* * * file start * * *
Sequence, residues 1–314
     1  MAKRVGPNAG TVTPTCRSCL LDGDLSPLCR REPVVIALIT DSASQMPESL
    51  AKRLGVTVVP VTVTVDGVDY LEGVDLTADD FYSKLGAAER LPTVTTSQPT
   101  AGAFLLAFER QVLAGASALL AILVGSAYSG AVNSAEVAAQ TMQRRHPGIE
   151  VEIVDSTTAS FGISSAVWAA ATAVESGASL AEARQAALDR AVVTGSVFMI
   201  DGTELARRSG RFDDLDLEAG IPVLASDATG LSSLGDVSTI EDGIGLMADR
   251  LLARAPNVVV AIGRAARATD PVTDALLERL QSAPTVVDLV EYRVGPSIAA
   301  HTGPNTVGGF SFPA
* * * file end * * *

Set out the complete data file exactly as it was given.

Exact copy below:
Sequence, residues 1–314
     1  MAKRVGPNAG TVTPTCRSCL LDGDLSPLCR REPVVIALIT DSASQMPESL
    51  AKRLGVTVVP VTVTVDGVDY LEGVDLTADD FYSKLGAAER LPTVTTSQPT
   101  AGAFLLAFER QVLAGASALL AILVGSAYSG AVNSAEVAAQ TMQRRHPGIE
   151  VEIVDSTTAS FGISSAVWAA ATAVESGASL AEARQAALDR AVVTGSVFMI
   201  DGTELARRSG RFDDLDLEAG IPVLASDATG LSSLGDVSTI EDGIGLMADR
   251  LLARAPNVVV AIGRAARATD PVTDALLERL QSAPTVVDLV EYRVGPSIAA
   301  HTGPNTVGGF SFPA